When making ECG measurements outside laboratory conditions during mundane activities, the number of ECG electrodes should preferably be kept to minimum for the reasons of e.g. price, convenience and reliability. We have been studying methods to synthesize VCG-like signals from measurements with reduced number of leads. In this way, fewer electrodes than normally need to be used in measurements, but the signal can be reconstructed with high enough accuracy to perform standard analyses that have become the de facto tools of the trade due to the vast amounts of research behind them. In our research, we have been exploring approaches based on novel non-linear systems theory and it has shown good promise in our tests.

Respiratory System Research

Early diagnostics, prediction, and treatment of several diseases – such as sleep apnea, asthma, cardiac disorders, and obstructive pulmonary diseases – can benefit from respiratory information. Especially, indirect methods, such as deriving respiratory signals algorithmically from ECG signals, align well with more and more typical ambulatory measurement scenarios.

Recent trends in in this research field have included applications of decomposition techniques such as principal component analysis (PCA), and its nonlinear version, kernel PCA (KPCA), both of which have been used to derive respiration signals from single-lead ECGs.

Our team has built on top of the state of the art, and developed a new adapted version of independent component analysis algorithm called AICA to obtain respiration signals. Additionally, we have devised a better performing extended version, APCA, of the normal linear PCA technique that utilizes our novel best component selection algorithm. Our studies have also revealed that smoothing spline resampling and band pass filtering can improve the performance of many traditional methods of the literature as measured by correlation coefficient and magnitude squared coherence to a reference respiration signal measured using spirometer or respiratory effort belts.

Allergic rhinitis is a major global health problem since over 500 million people suffer from it around the world.  It causes, in addition to individual impacts, a substantial economic burden to societies. It is a systemic inflammatory condition which is inheritable and links with other illnesses like asthma. Therefore, specific programs and guidelines on the problem have been released, for example by World Health Organization and European Union. There is a lack of an objective measurement method producing a continuous, accurate and reliable measurement data about the dynamic changes in nasal function. We have presented a new method to assess nasal function that produces nasal airflow resistance as a continuous signal at any sampling frequency allowing for analysis of dynamic changes in the resistance. The method was used to study nasal responses of test subjects from birch pollen allergic group and control group during the nasal birch pollen provocation test.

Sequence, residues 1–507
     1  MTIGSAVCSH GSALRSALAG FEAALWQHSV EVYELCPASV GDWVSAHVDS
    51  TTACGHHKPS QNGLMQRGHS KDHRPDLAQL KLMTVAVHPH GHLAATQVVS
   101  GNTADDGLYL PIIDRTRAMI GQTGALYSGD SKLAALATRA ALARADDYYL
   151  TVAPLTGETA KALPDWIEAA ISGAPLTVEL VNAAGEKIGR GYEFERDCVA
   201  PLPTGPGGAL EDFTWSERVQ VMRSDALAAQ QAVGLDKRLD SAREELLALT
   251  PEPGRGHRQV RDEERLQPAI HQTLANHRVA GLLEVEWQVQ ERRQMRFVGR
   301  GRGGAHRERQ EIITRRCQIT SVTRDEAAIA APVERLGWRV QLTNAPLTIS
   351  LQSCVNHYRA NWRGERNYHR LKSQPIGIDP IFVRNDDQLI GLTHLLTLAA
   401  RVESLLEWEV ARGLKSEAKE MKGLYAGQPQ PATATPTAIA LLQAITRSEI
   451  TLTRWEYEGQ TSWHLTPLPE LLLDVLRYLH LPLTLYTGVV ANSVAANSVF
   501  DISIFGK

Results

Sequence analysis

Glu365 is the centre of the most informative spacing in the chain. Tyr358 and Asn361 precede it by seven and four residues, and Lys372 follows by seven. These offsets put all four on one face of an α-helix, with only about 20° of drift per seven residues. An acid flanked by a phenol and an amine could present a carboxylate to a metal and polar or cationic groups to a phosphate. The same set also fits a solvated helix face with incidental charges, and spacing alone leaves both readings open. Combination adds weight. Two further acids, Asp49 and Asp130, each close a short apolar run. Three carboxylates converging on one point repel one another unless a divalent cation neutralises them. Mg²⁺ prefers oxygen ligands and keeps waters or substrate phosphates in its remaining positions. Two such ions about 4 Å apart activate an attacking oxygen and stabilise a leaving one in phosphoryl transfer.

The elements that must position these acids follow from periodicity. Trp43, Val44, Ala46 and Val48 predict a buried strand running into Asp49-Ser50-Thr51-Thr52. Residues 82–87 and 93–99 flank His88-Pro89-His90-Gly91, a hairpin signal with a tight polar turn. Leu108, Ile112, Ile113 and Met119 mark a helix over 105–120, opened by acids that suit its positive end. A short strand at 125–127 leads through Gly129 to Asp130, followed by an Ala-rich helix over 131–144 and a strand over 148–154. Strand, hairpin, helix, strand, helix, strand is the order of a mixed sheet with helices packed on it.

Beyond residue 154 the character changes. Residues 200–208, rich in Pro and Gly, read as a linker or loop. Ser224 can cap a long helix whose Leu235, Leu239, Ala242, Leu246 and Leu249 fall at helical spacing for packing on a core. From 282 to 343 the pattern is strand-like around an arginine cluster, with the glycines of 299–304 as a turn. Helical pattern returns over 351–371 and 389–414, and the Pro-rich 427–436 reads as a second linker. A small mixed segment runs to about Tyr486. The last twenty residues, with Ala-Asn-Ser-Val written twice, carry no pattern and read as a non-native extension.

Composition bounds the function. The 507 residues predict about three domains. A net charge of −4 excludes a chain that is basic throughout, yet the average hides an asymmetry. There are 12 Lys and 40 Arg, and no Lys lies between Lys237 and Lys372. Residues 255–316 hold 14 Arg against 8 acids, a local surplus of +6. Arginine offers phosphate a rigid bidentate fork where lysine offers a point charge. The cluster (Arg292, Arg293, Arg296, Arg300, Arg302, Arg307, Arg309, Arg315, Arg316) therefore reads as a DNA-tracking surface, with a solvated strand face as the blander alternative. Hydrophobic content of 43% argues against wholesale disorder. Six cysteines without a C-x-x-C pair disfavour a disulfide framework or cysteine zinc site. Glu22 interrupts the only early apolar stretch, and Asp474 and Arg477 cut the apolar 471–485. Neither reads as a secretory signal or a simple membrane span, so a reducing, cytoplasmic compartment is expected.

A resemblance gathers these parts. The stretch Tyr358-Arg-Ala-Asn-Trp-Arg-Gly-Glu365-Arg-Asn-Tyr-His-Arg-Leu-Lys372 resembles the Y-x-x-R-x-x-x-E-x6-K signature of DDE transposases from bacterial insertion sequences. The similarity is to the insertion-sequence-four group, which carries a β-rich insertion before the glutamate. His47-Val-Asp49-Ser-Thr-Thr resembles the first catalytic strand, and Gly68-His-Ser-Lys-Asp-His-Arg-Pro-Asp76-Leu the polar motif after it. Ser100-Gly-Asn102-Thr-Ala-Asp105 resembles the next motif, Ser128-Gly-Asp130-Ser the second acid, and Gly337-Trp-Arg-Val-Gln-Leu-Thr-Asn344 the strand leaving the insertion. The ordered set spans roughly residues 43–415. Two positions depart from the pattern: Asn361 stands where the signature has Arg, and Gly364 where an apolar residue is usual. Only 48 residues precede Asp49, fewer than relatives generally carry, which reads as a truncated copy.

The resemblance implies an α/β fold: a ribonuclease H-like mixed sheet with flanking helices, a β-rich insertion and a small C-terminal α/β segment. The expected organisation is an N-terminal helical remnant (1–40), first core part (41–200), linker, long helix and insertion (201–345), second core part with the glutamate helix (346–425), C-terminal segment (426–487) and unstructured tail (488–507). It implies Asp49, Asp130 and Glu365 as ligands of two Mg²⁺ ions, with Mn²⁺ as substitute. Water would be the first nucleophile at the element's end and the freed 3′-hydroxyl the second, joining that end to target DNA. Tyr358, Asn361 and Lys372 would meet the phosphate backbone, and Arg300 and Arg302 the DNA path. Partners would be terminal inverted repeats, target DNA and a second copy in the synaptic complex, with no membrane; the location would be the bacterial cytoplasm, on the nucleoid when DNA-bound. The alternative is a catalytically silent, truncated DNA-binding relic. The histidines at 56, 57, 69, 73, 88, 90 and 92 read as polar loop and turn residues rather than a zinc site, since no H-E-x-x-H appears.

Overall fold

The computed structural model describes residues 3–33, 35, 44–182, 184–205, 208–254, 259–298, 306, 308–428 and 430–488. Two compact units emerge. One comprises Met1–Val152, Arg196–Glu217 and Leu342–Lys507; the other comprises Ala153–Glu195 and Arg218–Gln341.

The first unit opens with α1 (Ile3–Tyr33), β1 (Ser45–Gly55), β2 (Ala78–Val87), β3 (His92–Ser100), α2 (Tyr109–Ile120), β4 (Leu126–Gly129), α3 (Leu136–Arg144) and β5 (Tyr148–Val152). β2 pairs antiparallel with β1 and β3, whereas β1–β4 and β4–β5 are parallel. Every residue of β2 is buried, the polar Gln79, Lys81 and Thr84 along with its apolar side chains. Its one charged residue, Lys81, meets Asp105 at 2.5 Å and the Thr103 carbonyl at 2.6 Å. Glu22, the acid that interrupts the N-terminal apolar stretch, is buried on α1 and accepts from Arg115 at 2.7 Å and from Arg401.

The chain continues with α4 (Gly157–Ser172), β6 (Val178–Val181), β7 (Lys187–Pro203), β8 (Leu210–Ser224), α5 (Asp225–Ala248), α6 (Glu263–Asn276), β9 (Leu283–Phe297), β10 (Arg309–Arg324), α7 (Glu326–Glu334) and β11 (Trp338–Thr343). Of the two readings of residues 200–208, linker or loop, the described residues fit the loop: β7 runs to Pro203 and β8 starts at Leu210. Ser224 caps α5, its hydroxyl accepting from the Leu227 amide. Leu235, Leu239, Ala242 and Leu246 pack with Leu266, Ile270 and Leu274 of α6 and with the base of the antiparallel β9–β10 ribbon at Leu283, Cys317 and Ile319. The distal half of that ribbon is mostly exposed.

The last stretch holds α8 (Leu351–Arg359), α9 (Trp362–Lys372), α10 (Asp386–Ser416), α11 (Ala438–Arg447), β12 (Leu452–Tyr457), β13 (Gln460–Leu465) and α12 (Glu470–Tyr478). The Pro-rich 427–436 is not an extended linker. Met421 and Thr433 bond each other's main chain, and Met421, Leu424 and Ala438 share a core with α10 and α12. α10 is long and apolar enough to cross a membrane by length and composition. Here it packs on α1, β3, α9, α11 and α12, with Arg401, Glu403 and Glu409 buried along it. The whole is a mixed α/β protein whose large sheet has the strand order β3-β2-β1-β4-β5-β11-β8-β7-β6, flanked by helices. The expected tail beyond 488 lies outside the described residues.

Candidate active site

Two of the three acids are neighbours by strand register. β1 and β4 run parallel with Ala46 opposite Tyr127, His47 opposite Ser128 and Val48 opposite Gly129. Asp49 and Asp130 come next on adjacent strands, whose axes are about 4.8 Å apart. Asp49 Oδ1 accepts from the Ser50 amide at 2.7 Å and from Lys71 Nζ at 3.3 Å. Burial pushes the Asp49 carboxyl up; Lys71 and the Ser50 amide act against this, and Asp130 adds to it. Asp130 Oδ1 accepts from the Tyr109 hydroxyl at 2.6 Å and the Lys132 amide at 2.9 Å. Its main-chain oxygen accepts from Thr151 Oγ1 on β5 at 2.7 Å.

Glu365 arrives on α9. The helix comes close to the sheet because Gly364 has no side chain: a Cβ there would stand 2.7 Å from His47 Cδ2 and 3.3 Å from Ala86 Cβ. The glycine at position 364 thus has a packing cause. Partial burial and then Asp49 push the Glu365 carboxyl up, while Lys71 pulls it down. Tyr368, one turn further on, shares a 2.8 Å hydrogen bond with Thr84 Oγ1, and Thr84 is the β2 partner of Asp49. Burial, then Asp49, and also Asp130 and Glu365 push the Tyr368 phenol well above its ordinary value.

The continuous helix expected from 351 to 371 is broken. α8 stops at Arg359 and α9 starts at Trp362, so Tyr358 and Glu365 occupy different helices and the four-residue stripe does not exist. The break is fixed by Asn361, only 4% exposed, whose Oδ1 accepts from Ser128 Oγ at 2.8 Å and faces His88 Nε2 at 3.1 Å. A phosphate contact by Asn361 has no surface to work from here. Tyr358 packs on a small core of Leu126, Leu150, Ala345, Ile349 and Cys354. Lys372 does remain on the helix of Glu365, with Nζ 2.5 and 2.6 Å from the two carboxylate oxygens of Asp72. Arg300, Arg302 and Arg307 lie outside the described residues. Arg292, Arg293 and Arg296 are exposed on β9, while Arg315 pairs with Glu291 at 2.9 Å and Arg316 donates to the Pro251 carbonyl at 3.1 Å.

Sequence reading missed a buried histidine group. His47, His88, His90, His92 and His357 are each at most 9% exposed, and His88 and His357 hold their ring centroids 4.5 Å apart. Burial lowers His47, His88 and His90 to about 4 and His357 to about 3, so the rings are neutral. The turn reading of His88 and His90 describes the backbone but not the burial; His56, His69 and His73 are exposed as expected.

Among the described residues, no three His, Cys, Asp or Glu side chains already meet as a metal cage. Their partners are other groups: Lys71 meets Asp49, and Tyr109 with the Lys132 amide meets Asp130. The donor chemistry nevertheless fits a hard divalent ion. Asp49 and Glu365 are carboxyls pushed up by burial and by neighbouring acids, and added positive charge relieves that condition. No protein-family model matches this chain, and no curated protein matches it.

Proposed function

Our measurement system acquires the flow signal from the calibrated respiratory effort belts and the pressure signal by using a thin nasopharyngeal catheter inserted transnasally into the nasopharynx. A calibration of the respiratory effort belt signals is commonly done with the spirometer signal as reference signal and by applying the method of multiple linear regression, which produces the estimate of the respiratory airflow. However, this method yields only crude estimates of the waveforms in the airflow signal. If the breathing style or body position changes from the calibration, predicted airflows get even worse. We have made an extension to the conventional multiple linear regression method so that: 1) it uses a number of N consecutive signal samples and linear filtering for each prediction, and 2) it is based on polynomial regression to model different transfer functions between the input and output. This method is robust to breathing style changes and body position changes improving greatly the accuracy of the calibration of respiratory effort belts over the conventional method. In this study, only linear terms were used, because they provided sufficient performance to our respiratory effort belts based on our previous study. Figure 2 depicts a block diagram of the used method as a MISO (multiple input, single output) system consisting of FIR filters and a delay element.

Figure 2. Extended linear model.


Commonly, the resistance R is defined by Ohm’s law as R = P / F, where P and F refer pressure and flow, respectively. The Broms model offers parametric means to describe the nonlinear pressure / flow relationship, see Figure 3. However, the Broms model expects the data to be stationary, while the nasal system is non-stationary. We made an extension to the Broms model so that it can be used for calculating a continuous nasal airflow resistance value through model adaptation to varying signal statistics. Hence, instantaneous resistance values can be calculated over the whole measurement data and shown as dynamic plots over time.

Figure 3. Diagram of Broms model.


Ten birch pollen allergic and eleven non-allergic volunteers were challenged with control solution and allergen solution. Control solution was used before the actual allergen solution to rule out the non-specific nasal hyper-reactivity, which is usual procedure in provocation tests. Pressure and respiratory effort belt signals were recorded 10 minutes in baseline (Phase 1), 5 minutes after the control challenge (Phase2) and 20 minutes after the birch pollen challenge (Phase 3). At first, the respiratory effort belt signals were calibrated from the 1 min calibration recording. Then, continuous nasal airflow resistance signals were computed from the pressure and calibrated respiratory effort belt signals.